That's not a problem to me. That's a good thing. –  Mathias Lykkegaard Lorenzen Apr 12 '13 at 7:30

If you have rigid light installed, uninstall it. make sure you check the box that removes the folder for that theme as well.

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Could you explain how does this solve the problem? –  kapa Oct 29 '12 at 0:31

Just adding;

This error can also occur if you by mistake put a function inside another function.

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Use include_once(); - with this, your codes will be included only one time.

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2  
well 2 years down the line, this answer just saved my sweet ass =D –  Timmy Jun 14 '13 at 10:03

Did You use Zend Framework? I have the same problem too.
I solved it by commenting out this the following line in config/application.ini:

;includePaths.library = APPLICATION_PATH "/../library"

I hope this will help you.

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i have encountered that same problem. found out the case was the class name. i dealt with it by changing the name. hence resolving the problem.

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Sometimes that happens due to some bugs in PHP's FastCGI.

Try to restart it. At Ubuntu it's:

service php-fastcgi restart
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You saved my day :) –  ownking Jan 28 at 17:54

This will happen if we use any of the in built classes in the php library. I used the class name as Directory and I got the same error. If you get error first make sure that the class name you use is not one of the in built classes.

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Wow, thank you for that. I was getting mad... –  JDelage Sep 14 '12 at 18:09

That happens when you declare a class more than once in a page. You can fix it by either wrapping that class with an if statement(like bellow), or you can put it into it's own file and include_once(), instead of include()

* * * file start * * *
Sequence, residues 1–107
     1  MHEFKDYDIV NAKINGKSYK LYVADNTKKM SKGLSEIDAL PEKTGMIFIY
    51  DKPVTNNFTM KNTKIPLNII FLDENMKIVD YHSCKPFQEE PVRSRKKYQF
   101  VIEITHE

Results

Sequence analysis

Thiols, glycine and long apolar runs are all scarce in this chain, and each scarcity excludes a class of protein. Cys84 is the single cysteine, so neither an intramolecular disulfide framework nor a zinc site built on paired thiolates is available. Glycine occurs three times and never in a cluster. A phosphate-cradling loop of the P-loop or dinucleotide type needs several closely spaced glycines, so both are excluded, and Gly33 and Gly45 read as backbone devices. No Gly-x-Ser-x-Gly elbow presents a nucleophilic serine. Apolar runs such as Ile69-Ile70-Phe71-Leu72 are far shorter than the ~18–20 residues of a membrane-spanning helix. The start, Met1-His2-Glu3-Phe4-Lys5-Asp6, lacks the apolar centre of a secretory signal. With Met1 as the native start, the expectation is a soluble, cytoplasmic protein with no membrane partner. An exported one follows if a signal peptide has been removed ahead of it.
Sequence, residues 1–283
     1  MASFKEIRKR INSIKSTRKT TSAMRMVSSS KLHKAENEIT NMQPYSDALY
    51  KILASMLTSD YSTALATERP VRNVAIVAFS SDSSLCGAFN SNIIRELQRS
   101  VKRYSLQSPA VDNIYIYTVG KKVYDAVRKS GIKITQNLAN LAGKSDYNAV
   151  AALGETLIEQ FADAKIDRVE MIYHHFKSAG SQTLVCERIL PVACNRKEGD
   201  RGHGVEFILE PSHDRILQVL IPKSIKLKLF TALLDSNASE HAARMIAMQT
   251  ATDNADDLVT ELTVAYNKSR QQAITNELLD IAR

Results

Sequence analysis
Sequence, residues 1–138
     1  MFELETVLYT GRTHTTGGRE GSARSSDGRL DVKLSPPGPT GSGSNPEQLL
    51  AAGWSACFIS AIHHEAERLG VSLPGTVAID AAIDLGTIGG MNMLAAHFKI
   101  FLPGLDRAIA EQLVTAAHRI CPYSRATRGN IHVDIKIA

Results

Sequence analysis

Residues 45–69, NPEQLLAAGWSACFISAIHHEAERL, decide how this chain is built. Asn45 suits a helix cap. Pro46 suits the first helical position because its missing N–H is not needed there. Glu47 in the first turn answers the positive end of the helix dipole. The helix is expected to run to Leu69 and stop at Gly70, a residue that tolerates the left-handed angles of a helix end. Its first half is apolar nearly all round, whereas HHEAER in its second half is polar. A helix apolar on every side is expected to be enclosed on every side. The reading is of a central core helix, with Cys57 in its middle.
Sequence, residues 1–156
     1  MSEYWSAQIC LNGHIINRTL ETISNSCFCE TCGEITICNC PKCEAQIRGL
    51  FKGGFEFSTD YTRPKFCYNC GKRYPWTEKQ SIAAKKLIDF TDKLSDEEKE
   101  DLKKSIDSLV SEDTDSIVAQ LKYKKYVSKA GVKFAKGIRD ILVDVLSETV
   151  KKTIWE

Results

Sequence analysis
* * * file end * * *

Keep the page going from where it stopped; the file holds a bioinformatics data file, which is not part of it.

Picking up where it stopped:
if(class_exists('TestClass') != true)
{
   //put class TestClass here
}
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3  
it's class_exists('TestClass') === false or !class_exist('TestClass') –  Jens-André Koch Aug 15 '12 at 22:58
1  
In @Jens-AndréKoch comment a "s" is missing in the second example --> it's class_exists('TestClass') === false or !class_exists('TestClass') –  furins Aug 8 '13 at 16:08
    
True. Thanks for pointing that out. Not editable anymore.. timeout. –  Jens-André Koch Aug 8 '13 at 17:07

You have a class of the same name declared more than once. Maybe via multiple includes. When including other files you need to use something like

include_once "something.php";

to prevent multiple inclusions. It's very easy for this to happen, though not always obvious, since you could have a long chain of files being included by one another.

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2  
this was really help full! –  Marci-man Aug 6 '11 at 17:49
4  
avoid include_once, it's slow, use something else instead, like autoloading :) –  Timo Huovinen Jan 26 '12 at 9:41
9  
@Timo Based on benchmarks I've looked at, there will only be a noticeable difference of about 1 second if you have a file with 100,000 include_once's. You would be better off optimizing your DB access or other logic than prematurely optimizing your file includes using substandard techniques like master include files. The autoload feature doesn't perform significantly differently. Each functions differently, and are not interchangeably appropriate. You can use one for the other, but there are corner cases where they do not function the same. –  AaronLS Sep 18 '12 at 5:19
1  
@Timo To quote the page you linked "using __autoload() is discouraged and may be deprecated or removed in the future." –  AaronLS Sep 18 '12 at 5:20
1  
@AaronLS Can't edit comments on SO, the link also links to the better example. I suggested it after reading APC's developers comments and how he hated include_once (I felt bad for him). Also the difference is beyond just performance. –  Timo Huovinen Sep 18 '12 at 16:34

protected by kapa Oct 29 '12 at 0:30